In our last post, we defined the Galois group of a polynomial, and remarked that while it usually consists of all permutations of the roots of the polynomial, there are special polynomials, for which the Galois group is a proper subset of the permutations of the roots.

Here we’ll discuss the Galois group of an important special family of polynomials known as the *cyclotomic polynomials,* and the use of the subgroups of the Galois group to characterize subfields of their splitting fields.

**Cyclotomic polynomials**

Let p be a prime. The *p-th cyclotomic polynomial* is defined by

By the formula for a geometric series, we have

so that the roots of of the p-th cyclotomic polynomial are precisely the solutions to

aside from 1. Let z be such a number. Then each power of z satisfies the equation, and the numbers

are distinct, and consist of all of the roots of the p-th cyclotomic polynomial. [This last fact needs to be checked, but is straightforward.]

**Galois groups of cyclotomic polynomials**

Let G be the Galois group of the p’th cyclotomic polynomial. By the above description of the polynomial’s roots, an element of G has the following effect on z:

for some ‘a’ between 1 and p – 1 . Knowing where *this single root goes* determines where *all* roots of the polynomial go, since the definition of automorphism implies that

This contrasts sharply with a generic polynomial, where the Galois group can permute the roots arbitrarily. The point here is that the condition that the roots of a polynomial are perfect powers of one another* is a very special condition*.

Because the p-th power of ‘z’ is 1, the automorphism associated with ‘a’ actually depends only on the remainder of ‘a’ upon division by ‘p’. The phrase “upon division upon p” is abbreviated “(mod p).” Thus, elements of G correspond to remainders (mod p). Every remainder (mod p) gives rise to an element of G, except for the remainder 0, which sends all roots of the polynomial to 1. [One has to check that every remainder (mod p) does in fact give rise to an element of G, but this is straightforward.]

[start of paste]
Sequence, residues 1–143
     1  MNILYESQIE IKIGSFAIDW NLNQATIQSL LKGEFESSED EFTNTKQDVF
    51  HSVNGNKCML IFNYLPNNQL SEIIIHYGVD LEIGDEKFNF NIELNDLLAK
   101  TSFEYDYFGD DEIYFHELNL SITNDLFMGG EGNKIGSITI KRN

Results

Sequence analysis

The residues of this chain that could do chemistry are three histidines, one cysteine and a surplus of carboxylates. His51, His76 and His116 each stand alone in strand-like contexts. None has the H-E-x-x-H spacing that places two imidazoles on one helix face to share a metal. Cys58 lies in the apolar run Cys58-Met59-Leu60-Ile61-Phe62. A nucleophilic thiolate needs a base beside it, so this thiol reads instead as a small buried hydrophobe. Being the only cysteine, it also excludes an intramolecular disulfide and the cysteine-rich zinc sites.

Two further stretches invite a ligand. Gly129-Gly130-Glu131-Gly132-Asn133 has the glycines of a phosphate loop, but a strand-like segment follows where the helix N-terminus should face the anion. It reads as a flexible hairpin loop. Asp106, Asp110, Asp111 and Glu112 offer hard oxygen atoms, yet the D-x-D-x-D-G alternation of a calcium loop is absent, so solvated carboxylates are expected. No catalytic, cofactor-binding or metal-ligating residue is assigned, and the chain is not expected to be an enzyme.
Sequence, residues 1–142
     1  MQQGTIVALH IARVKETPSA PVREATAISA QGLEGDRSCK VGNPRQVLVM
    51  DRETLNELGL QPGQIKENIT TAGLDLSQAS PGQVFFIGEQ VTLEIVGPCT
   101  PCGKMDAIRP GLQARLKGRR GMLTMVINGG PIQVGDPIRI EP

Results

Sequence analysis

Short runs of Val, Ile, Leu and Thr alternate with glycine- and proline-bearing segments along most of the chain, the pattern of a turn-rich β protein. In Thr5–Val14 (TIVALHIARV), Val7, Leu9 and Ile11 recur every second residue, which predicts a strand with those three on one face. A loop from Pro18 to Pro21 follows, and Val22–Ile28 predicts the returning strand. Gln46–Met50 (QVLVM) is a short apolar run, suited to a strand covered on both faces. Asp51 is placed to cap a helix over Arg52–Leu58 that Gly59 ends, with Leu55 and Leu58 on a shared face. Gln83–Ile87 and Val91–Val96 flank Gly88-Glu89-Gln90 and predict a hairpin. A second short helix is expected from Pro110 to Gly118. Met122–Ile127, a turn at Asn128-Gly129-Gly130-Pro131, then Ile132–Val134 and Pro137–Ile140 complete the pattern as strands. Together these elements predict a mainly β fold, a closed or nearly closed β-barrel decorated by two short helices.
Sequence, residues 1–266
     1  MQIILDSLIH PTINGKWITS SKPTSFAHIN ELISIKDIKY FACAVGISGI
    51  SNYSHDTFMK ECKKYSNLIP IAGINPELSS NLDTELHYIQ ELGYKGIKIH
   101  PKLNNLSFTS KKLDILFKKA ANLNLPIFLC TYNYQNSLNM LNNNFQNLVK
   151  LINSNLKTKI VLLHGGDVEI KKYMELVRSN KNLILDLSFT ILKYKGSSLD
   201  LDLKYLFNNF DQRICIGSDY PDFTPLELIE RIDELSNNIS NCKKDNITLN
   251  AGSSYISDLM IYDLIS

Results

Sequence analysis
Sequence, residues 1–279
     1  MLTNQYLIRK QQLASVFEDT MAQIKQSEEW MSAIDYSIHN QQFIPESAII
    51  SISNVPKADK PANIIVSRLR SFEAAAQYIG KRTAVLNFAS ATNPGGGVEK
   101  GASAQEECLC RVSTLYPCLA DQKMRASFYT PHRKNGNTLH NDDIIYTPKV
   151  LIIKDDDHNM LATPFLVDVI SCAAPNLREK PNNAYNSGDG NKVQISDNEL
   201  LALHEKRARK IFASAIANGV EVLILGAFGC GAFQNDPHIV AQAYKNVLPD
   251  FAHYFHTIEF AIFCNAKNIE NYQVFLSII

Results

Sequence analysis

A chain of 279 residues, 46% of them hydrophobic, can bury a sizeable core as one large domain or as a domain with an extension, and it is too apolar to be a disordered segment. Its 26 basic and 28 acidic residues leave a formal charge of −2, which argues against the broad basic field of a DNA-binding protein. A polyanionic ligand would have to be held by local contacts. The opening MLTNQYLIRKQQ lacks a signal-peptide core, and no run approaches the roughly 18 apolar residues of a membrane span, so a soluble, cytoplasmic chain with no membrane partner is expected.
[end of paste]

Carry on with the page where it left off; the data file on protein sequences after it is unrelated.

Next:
If

then

So successive application of elements of G correspond to multiplication of the corresponding exponents, again, with the understanding that two exponents are equivalent if their remainders (mod p) are equal. In what follows, we refer to an element of G by the corresponding remainder (mod p).

The Fundamental Theorem of Galois Theory says that there’s a perfect correspondence between subgroups of G and subfields of K, defined by associating a subfield K of G with the subgroup of G consisting of permutations that leave every element of K invariant. We have the following theorem:

**Theorem:** For each ‘k’ that’s a factor of p – 1, the remainders of k-th powers (mod p) form a subgroup of G consisting of (p – 1)/k elements. There are no other subgroups of G.

The theorem follows immediately from existence of an integer ‘a’ such that every remainder (mod p) is the remainder of some power of ‘a’ (mod p). This result goes under the name of the *existence of primitive roots mod p*, and is proved in every elementary number theory textbook, for example, in section 2.5 of William Stein’s Elementary Number Theory.

Next, we use the classification of subgroups of G to describe the subfields of the splitting field K of the 17-th cyclotomic polynomial.

**Subfields of K**

Because the divisors of 17 – 1 are precisely the powers of 2 that are less than or equal to 16, the above theorem says that the subfields of K are those that symmetric with respect to each of the following subgroups of G:

- G: The nonzero remainders (mod 17).
- H1: The nonzero squares (mod 17). These are 1, 2, 4, 8, 9, 13, 15 and 16.
- H2: The nonzero 4-th powers (mod 17). These are 1, 4, 13 and 16.
- H3: The nonzero 8-th powers (mod 17). These are 1 and 16.
- H4: The nonzero 16-th powers (mod 17), consisting of 1 alone.

Call the corresponding subfields K0, K1, K2, K3 and K. The simplest elements of K that are symmetric with respect to the above subgroups are (respectively):

**Coming up next:**

In the subsequent post, we will begin to describe how Gauss used the characterization of the subfields of the 17-th cyclotomic polynomial to solve the ancient problem of constructing the 17-gon by compass and straightedge.

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